The World’s End Review

The World's End - Footage 1It’s long overdue, but Simon Pegg, Nick Frost and director, Edgar Wright are finally concluding their unofficial ‘Cornetto Trilogy’ of genre comedies with The World’s End. Why the ice cream motif exists in the first place, I don’t know, but hey, they’re great movies, so who’s complaining?!

With 2004’s Shaun of the Dead being the red strawberry flavouring and 2007’s Hot Fuzz being the blue vanilla flavouring, The World’s End is left to be the green peppermint flavouring in the metaphorical ice cream concoction. Just as Shaun of the Dead’s red signified zombies and gore, and Hot Fuzz’s blue signified the police and the action genre, The World’s End is left to represent green, or extra-terrestrial sci-fi.

Of course, you wouldn’t know that this is a sci-fi comedy at first glance, at least, if you haven’t seen the trailers. The World’s End begins as a seemingly predictable British comedy about perpetual adolescence and the desire to re-live one’s glory days. The entire first act operates under the notion of five childhood friends, now middle-aged adults, reuniting after many years estranged to try and complete the small town pub crawl they failed to see all the way through upon graduating from university.

The World's EndOf course, Simon Pegg and Nick Frost are the key players here. One interesting switch however is that Pegg is now the oafish idiot to Frost’s straight man. In the previous two movies, the roles were reversed, with Pegg being the straight man while Frost anchored most of the jokes with his dim-witted character. The switch is nicely refreshing if I’m being honest, and it proves that Frost ultimately isn’t playing second fiddle to Pegg, since he does a fine job playing a more serious and rounded character this time about.

Paddy Considine, Martin Freeman and Eddie Marsan round out the cast, all recognizable names to fans of British movies. Like Frost, they’re more grounded characters, left to feed off of Pegg’s comedic energy in the lead role of direction-less alcoholic, Gary King, but they do manage a few funny moments, as well as some surprising moments of heart and drama. As surreal as The World’s End is, its cast helps to keep the movie grounded, and manages to avoid making the plot too silly to be worth investing in.

Rosamund Pike also adds an appreciated female presence to what is otherwise a boys’ club, playing the sister to Martin Freeman’s character, and a former fling of Pegg’s. Again, she leaves Pegg to anchor most of the jokes, and isn’t given as much to do as the men in most cases, especially since she disappears for a while when the plot makes its turn.

The World's End - Footage 4And what a turn it is! By the halfway mark or so, The World’s End changes gears completely, specifically when the leads realize that their childhood hamlet has been entirely taken over by robots. Yes, seriously. As a result, they then have to try and keep up their pub crawl, trying to blend in and pretend that nothing is wrong, which, needless to say, does not go completely smoothly.

Director, Wright’s experience with the flashy and action-filled Scott Pilgrim vs. The World serves him very well here, since the same kind of stylish, yet undeniably amusing action scenes are present throughout much of this movie. In fact, the production value behind The World’s End feels like a step up from Shaun of the Dead and Hot Fuzz in general, with the latter two feeling like ambitious independent movies compared to the more actively studio-friendly The World’s End.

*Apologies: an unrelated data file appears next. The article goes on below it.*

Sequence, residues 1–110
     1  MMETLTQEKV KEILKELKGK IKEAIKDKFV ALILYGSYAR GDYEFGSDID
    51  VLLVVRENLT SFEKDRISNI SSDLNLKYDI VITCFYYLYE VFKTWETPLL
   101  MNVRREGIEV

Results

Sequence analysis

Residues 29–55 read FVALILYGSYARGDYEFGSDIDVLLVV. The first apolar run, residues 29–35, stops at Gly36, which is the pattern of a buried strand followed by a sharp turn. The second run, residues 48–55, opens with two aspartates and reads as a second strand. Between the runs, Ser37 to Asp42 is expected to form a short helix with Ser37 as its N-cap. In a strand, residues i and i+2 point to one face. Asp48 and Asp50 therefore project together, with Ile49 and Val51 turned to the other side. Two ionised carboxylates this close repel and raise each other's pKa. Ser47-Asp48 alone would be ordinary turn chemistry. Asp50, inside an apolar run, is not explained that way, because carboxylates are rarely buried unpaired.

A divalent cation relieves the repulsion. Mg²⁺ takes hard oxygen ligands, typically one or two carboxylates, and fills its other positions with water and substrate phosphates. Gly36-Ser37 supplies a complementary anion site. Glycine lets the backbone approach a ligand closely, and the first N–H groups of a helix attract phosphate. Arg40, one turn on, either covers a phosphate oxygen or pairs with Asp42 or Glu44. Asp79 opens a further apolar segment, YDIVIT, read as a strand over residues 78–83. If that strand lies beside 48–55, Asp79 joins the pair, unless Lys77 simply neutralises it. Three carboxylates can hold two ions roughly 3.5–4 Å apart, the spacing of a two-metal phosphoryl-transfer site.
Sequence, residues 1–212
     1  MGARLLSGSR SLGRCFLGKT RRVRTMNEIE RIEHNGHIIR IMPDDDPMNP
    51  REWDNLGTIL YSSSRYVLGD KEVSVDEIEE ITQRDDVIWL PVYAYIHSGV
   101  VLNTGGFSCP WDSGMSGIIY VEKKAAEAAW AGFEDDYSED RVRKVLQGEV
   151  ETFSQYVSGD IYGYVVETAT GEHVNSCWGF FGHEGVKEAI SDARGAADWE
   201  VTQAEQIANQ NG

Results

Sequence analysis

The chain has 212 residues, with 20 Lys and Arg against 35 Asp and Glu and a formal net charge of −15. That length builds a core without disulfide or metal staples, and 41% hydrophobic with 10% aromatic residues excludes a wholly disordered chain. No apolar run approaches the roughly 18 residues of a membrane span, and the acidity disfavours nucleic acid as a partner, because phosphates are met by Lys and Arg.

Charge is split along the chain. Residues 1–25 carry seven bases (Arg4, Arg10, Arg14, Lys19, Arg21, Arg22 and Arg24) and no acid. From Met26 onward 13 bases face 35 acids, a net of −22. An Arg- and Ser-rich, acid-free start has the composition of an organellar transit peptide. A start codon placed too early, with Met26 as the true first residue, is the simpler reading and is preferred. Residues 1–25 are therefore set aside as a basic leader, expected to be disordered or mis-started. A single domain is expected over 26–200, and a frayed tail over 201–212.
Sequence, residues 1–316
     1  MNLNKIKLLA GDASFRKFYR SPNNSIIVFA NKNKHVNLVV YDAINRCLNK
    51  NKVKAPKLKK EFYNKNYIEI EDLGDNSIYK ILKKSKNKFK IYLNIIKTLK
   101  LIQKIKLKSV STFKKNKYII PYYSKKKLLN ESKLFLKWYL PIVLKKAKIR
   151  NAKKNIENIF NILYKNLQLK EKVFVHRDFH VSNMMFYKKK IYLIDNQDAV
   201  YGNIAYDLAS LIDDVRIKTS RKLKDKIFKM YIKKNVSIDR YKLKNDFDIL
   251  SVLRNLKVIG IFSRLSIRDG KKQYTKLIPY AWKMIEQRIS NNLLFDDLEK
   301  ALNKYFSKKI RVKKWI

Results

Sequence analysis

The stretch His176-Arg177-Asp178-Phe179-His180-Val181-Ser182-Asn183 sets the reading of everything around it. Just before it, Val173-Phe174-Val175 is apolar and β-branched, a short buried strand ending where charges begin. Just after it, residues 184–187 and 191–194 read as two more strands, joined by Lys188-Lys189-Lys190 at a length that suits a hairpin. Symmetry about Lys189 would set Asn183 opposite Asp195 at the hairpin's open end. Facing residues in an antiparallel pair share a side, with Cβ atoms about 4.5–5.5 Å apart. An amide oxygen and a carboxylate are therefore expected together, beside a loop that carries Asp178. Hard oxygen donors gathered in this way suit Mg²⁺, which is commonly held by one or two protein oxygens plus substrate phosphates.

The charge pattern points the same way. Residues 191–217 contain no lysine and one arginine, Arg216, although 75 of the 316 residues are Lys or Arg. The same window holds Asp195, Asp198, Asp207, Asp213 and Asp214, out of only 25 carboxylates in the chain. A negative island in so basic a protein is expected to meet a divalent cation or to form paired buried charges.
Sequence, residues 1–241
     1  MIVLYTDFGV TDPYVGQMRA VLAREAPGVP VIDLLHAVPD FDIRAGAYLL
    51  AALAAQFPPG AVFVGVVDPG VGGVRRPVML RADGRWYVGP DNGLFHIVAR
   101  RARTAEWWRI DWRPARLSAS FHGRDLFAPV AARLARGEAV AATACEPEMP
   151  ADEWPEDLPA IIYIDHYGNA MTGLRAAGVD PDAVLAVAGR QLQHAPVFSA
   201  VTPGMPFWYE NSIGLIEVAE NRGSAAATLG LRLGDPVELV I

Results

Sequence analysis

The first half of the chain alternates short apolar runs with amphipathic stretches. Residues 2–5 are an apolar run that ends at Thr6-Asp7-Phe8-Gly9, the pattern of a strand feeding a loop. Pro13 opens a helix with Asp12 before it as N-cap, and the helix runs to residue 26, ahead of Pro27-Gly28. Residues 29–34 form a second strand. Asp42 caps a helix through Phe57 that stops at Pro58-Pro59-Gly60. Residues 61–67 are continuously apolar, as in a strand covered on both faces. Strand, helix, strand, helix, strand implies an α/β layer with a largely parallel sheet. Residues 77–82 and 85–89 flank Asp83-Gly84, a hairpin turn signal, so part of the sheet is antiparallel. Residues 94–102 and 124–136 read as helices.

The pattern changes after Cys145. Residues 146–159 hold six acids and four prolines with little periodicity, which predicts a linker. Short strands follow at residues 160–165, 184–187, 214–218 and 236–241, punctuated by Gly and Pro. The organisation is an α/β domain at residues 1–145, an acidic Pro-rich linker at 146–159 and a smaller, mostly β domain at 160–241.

Of course, even though this is more evidently a studio-friendly feature film than its two predecessors, that’s not to say that Pegg, Frost and Wright have ‘gone Hollywood’, and tried to Americanize the movie. If you enjoyed the British elements of both Shaun of the Dead and Hot Fuzz, you’ll be happy to see that The World’s End keeps them very well intact. This is still a very British movie, in terms of the set work, the dialogue and especially the comedy, though one that’s still funny and well-conceived enough to be enjoyed just as easily by moviegoing audiences outside of the U.K.

The World's End - Promo ArtThe only time that the movie sort of careens off the rails is in its final moments, which feel like they take the joke a bit too far, losing the grounded credibility that the rest of the movie worked so hard to achieve. Still, you can’t claim that The World’s End doesn’t end on a memorable note, I suppose!

While it falls just shy of the high comedic bar set by the similarly-titled This is the End from June, The World’s End comes in a very close second for the Summer’s funniest comedy, I have to say! You have to have a taste for British humour and surreal plotting to get the most out of the movie, but if you’re looking for something that is very creative, very memorable and very amusing, without completely sacrificing a sense of grounded intelligence behind its humour, then this is a fashionably late Summer offering that you should definitely check out!

As for how the movie stacks up with its two predecessors, I suppose that it’s a matter of opinion. The World’s End isn’t quite as witty as Shaun of the Dead or Hot Fuzz, but it definitely feels like the most creative and the most well-produced of the three movies. It also seems to be the most audience-friendly, particularly for audiences who aren’t so much going for the British humour, which is surprising, considering that it definitely has the most ambitious and ridiculous plot of the bunch!

So, if you enjoyed your first two scoops of Cornetto, then you’ll enjoy your third just as much! If you have yet to partake in this particular comedic dessert, well, why not start with peppermint? You won’t be disappointed!